Fading star?: Until “Solo: A Star Wars Story,” Walt Disney Co.’s efforts to continue the long-running space opera series were virtually unassailable. Disney’s first three “Star Wars” movies, starting in 2015 with “The Force Awakens,” paid off handsomely. But with “Solo,” the seemingly invincible saga has delivered a box-office dud raising worries about Star Wars fatigue. The $250-million film may result in a write-down of $50 million or more for Disney, one analyst predicted.

Musk prevails: A vote to kick Tesla Chief Executive Elon Musk out of his chairman’s seat failed at Tesla’s annual shareholder meeting. A shareholder activist had pushed the measure saying the company was too big for one person to hold both positions. Musk confided to shareholders that the last several months were the most “hellish” in his life but that he expected production of the troubled Model 3 electric sedan to hit 5,000 vehicles a week by the end of June.

Jobs bonanza: The labor market has hit a tipping point that should help boost wages: There are more job openings than unemployed workers — the first time that’s happened since the Labor Department began tracking job openings in 2000. There were a record 6.7 million openings in April, an increase from an upwardly revised 6.63 million in March. The revised data show that job openings outstripped total unemployed workers in March for the first time.


And some recent stories from other publications that caught our eye:

Buy or die: The Wall Street Journal looks at the looming reordering of Hollywood’s power structure. “Technology giants are rapidly devouring a media industry that has long been dominated by the same group of entertainment companies — storied Hollywood studios, television networks and cable giants. Now, many of those incumbents are scrambling to transform themselves so that they can stand up to the powerful invaders from Northern California.”

No fun: Was Toys R Us mismanaged on its way to bankruptcy? Looks that way, says Bloomberg. “It’s become clear that Toys R Us didn’t only have an improvident amount of debt — it also had a debt structure as complex and precarious as a Jenga tower, which obscured the company’s tenuous finances. But gravity always wins in the end.”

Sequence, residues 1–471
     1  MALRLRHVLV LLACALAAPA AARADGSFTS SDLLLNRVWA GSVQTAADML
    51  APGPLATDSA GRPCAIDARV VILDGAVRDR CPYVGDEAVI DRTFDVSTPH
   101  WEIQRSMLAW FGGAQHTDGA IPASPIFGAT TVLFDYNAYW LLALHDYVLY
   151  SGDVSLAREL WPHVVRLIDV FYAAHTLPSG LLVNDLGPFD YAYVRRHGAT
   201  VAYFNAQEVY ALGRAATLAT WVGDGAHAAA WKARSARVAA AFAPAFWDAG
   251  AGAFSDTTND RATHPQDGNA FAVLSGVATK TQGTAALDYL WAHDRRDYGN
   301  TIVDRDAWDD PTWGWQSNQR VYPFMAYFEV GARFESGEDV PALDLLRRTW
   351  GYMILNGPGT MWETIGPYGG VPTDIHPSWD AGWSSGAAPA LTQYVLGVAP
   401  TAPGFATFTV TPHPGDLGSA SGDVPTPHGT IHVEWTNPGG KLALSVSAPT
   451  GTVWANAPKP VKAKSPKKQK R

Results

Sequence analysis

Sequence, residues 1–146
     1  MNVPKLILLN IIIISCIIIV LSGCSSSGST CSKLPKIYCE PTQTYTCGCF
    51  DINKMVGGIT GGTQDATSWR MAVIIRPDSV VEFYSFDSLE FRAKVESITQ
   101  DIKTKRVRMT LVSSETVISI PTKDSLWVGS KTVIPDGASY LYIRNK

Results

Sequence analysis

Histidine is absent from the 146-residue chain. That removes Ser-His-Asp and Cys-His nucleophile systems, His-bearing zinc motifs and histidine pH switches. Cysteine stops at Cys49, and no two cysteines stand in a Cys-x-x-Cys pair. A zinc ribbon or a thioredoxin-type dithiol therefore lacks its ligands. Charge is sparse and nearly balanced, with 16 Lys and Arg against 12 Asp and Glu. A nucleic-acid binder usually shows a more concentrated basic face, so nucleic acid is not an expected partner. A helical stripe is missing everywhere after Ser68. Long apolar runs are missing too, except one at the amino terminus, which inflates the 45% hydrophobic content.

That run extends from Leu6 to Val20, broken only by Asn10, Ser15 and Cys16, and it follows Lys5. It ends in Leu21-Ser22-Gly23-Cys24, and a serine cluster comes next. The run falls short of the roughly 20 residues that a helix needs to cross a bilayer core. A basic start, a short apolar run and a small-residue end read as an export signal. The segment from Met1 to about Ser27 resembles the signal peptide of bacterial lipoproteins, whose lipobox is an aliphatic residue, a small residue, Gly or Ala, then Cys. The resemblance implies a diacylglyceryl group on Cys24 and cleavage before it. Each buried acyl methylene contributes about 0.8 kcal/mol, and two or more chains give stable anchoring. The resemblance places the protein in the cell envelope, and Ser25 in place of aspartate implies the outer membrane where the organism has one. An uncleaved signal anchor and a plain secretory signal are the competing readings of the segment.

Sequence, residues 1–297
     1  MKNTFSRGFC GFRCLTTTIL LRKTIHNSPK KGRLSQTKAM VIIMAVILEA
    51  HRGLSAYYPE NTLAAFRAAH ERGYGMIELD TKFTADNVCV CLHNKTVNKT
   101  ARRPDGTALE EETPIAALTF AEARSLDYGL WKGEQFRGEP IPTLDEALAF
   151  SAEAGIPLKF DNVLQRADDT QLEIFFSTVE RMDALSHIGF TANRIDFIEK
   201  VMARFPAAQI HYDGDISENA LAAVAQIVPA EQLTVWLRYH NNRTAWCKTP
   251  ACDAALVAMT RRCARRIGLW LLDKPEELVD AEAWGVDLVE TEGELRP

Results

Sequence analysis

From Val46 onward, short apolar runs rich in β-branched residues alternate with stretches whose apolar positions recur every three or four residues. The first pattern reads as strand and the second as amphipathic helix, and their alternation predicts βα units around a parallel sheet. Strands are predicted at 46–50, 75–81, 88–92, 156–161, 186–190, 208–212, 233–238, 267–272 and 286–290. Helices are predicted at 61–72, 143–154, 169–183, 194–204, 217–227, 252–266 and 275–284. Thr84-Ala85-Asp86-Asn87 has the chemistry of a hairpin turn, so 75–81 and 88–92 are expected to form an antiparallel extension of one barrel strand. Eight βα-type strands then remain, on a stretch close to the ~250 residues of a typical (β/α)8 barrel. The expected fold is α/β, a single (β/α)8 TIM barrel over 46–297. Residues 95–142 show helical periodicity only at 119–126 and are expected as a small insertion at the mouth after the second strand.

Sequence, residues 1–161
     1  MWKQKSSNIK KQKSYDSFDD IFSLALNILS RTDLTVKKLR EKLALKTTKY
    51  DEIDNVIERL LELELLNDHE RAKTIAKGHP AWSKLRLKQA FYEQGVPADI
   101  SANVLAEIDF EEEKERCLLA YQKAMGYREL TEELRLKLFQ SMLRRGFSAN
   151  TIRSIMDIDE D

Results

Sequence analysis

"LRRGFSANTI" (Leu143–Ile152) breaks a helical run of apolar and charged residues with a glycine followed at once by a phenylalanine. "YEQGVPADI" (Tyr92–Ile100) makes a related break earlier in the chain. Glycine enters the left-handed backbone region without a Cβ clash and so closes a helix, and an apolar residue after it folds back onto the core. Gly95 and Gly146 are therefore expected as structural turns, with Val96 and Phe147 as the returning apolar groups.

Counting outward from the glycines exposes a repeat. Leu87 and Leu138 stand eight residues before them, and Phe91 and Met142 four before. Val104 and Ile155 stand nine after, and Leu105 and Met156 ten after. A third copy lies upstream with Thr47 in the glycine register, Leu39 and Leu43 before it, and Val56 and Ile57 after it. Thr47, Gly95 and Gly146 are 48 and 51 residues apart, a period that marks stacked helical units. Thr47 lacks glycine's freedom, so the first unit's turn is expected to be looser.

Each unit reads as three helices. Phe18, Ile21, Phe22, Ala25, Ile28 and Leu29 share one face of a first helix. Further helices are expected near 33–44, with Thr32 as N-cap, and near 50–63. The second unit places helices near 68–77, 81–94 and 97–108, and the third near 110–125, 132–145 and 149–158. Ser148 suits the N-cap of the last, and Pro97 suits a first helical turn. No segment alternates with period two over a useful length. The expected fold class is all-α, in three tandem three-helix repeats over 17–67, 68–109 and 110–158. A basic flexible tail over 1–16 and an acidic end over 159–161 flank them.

Wrong approach: The Atlantic says normalizing trade relations with China was a mistake. “Lawmakers wanted to turn a potential enemy into a friend — instead, they squandered their leverage, in ways that shortchanged both nations.”

Bad jobs: The New Yorker takes a gander at a new book about jobs that has a word in the title I can’t use here (hint: it has to do with bulls). Such work is “a form of paid employment that is so completely pointless, unnecessary or pernicious that even the employee cannot justify its existence even though, as part of the conditions of employment, the employee feels obliged to pretend that this is not the case.”

Online bullying: From Wired, a cautionary tale of how “Star Wars” actress Kelly Marie Tran got hounded off Instagram in our increasingly mean-spirited times. “Everyone has the right to ask transnational entertainment companies to make the movies they want, and if those companies don’t respond, to stop giving the companies money. But harassment, threats, jokes about someone’s race or gender? A Jedi would fight someone who did that stuff.”


With housing prices rising sharply across the nation, the New York Times takes a highly visual look at one possible solution: a new trend in prefabricated housing. And we’re not talking your traditional double-wide here. Instead, think Legos on steroids: units that can be coupled together and stacked high enough to construct an apartment building.

For the latest money news, go to Mad props to Laurence Darmiento and Scott J. Wilson for helping put this thing together.


Until next time, I’ll see you in the Business section.